Gov. Kenny Guinn, proclaiming Oct. 24-31 "Archives Week in Nevada," invites "all Nevadans to explore their history over the Nevada Day week and to visit the various sites that house our documentary heritage."
I would invite people to take an archivist to lunch but I'll settle for them going to see the archival treasures in one of the many places around Nevada that house the archives. There are many archives in Nevada just as there are many libraries, but unlike libraries each archives is unique because each preserves a different history.
The state archives documents state government; county recorders and clerks keep the county archives; city clerks keep city archives; and even each Native American tribal government has a secretary and enrollment clerk to keep the tribal archives. Museums and historical societies also keep archives, and to some people's surprise, so do libraries.
Contrary to popular belief, there is nothing in the definition of archives that says "old." Archives collect personal papers, photographs, manuscripts, journals, government documents, maps, electronic media, oral recordings, film, and other materials contributing to Nevada's history; and they have the responsibility to provide the public with access to records. Not only do they keep old records, but they also collect current records that will be old to your children's grandchildren.
During Archives Week, many archives around the state want to show off their treasures.
Visit the Archives Week Treasure Map on our Web site at http://dmla.clan.lib.nv.us, click on the door of the museum, click on the city and see what archival treasures you can find.
More than 40 archives are exhibiting treasures from their archives about state history, local history, women's history and Native American history.
You'll find the original handwritten Nevada State Constitution of 1864 or the architectural drawings for the U.S. Mint in Carson City. In Elko you can see Temoke tribal history and photographs from the first Cowboy Poetry gathering. In Hawthorne you can see the first county ordinance restricting women's hours in saloons.
In Southern Nevada there are archival treasures on exhibit in Searchlight, Las Vegas and North Las Vegas, including fascinating historical photos from the Las Vegas News Bureau. In East Ely you can see records of the Nevada Northern Railroad including a letter revealing that the FBI ordered all the railroads to fire Japanese Americans - a letter that led to their descendents winning more than $5 million in reparations.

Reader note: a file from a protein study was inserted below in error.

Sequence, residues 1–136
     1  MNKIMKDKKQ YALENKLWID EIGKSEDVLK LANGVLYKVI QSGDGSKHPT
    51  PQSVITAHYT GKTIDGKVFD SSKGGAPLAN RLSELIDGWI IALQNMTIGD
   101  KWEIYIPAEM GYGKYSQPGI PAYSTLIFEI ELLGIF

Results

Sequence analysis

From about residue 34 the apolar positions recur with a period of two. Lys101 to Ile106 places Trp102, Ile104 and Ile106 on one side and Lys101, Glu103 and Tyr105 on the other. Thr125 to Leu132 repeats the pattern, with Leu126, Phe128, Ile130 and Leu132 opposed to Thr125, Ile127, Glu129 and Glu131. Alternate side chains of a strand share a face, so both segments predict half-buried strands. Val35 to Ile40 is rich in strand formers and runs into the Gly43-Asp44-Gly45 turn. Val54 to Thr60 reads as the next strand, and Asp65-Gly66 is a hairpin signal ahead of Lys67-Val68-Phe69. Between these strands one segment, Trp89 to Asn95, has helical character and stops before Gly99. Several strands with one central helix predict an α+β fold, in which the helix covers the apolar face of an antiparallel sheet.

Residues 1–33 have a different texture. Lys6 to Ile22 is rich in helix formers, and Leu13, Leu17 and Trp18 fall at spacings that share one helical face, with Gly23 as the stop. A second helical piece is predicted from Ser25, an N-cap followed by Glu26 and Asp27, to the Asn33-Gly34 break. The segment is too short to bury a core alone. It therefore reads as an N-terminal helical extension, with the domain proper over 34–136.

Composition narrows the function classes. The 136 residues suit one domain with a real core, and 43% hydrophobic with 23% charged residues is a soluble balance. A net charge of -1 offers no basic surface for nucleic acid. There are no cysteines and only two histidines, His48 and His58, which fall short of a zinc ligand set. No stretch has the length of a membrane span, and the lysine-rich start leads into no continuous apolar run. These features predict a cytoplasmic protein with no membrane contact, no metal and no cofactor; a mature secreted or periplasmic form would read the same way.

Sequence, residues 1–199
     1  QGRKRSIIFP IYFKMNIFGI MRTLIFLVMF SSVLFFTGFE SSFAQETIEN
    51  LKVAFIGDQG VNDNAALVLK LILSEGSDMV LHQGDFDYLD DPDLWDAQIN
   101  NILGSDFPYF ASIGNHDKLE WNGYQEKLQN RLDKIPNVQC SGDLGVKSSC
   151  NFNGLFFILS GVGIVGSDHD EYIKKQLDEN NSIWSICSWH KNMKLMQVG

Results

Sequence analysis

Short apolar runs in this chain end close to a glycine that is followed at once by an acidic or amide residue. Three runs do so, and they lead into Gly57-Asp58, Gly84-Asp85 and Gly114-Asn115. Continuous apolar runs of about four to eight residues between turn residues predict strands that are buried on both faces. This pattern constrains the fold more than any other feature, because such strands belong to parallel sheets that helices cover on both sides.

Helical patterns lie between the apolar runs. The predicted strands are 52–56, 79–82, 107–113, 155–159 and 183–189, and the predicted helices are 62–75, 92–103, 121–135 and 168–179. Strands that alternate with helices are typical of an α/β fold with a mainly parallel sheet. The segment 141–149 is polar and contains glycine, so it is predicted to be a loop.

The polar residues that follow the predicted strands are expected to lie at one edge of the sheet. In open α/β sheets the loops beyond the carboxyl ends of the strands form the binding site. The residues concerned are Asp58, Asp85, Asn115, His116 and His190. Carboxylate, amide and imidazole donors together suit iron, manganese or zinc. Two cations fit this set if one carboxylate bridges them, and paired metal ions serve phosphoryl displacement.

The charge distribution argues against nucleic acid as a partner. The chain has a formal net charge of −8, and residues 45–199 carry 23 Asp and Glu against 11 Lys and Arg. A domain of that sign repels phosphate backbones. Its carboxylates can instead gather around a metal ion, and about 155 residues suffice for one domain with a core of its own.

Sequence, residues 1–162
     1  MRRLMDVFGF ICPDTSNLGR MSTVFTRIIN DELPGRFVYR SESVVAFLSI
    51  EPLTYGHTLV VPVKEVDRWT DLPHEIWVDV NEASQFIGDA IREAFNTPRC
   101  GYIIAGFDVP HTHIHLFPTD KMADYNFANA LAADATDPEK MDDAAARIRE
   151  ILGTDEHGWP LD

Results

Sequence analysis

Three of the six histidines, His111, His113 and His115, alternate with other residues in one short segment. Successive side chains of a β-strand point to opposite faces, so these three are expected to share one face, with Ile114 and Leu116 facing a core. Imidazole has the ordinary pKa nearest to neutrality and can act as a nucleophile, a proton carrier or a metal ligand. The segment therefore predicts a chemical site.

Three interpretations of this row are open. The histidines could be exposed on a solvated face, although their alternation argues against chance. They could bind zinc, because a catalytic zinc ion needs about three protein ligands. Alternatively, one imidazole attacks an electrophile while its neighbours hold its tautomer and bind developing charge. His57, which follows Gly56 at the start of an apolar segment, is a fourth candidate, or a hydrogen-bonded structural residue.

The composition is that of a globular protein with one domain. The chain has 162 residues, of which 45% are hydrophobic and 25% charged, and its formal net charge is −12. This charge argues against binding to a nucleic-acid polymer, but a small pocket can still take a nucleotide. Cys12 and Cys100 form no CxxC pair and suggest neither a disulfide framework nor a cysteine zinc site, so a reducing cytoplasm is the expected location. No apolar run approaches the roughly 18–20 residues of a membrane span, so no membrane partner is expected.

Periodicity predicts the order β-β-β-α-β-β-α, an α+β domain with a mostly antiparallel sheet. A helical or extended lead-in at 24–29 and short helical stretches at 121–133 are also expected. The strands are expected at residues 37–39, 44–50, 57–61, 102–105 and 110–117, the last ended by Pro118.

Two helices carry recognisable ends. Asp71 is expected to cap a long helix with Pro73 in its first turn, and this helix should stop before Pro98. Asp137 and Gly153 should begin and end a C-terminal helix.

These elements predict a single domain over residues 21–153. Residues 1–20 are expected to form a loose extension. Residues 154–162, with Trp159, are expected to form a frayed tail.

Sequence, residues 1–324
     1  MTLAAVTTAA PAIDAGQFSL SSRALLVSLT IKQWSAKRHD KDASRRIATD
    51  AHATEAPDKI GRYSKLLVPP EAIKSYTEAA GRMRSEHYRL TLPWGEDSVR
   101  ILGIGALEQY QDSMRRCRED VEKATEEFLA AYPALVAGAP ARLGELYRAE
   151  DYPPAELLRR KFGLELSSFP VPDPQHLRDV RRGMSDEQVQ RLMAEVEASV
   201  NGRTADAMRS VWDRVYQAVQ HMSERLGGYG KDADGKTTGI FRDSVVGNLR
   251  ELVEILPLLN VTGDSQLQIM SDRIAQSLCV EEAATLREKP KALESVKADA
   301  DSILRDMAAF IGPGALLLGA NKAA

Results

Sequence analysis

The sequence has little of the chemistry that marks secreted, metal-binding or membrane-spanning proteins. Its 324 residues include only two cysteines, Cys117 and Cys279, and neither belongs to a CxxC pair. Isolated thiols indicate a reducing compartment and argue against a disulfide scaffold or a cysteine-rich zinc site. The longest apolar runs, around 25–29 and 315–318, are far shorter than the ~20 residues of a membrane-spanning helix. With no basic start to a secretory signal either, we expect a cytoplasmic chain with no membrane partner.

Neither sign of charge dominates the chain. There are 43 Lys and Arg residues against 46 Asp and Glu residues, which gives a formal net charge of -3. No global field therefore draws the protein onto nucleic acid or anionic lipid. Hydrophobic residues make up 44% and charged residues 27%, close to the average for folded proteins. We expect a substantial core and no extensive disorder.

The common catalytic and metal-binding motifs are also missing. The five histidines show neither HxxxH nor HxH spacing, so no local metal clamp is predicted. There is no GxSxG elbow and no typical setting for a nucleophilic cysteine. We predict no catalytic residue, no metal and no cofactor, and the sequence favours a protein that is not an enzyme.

Nevadans' interest in preserving the state's past goes back to its territorial days when the first legislature met in 1861 and instructed Isaac Roop of Susanville, former governor of the locally organized territory also called Nevada, to gather the historical records and present them to Governor James W. Nye.
Nye in turn gave them to Secretary of the Territory Orion Clemens (brother of the famous writer Samuel Clemens, better known as Mark Twain) to keep with the other official records, including Carson County's records - the first records of government in Nevada.
These early records, even though they really belonged to Utah territory, were designated as "public records and archives of the territory." As their caretaker, Clemens was Nevada's first archivist. Under the newly adopted constitution in 1864, the Secretary of State became state archivist.
Although the Secretary of State kept many of the state's historical records, there was no official state archives until the Division of Archives was created in 1965.
Forty years after Nevada's admission to the Union in 1904, the Nevada Historical Society was organized in Reno. The State Museum was created in 1939. Other archives followed when in 1963 the University of Nevada Library created the Special Collections Department to gather together the Western American and manuscript collections into one place.
Nevada Southern University was also growing during the 1960s and established its own Special Collections and archives in the University library in 1966.
Visit the Web site, take the tour and if you are so inclined take an archivist to lunch.
Jeff Kintop is the State Archives Manager at the Nevada State Library and Archives. He can be reached at (775) 684-3410 or e-mail him at: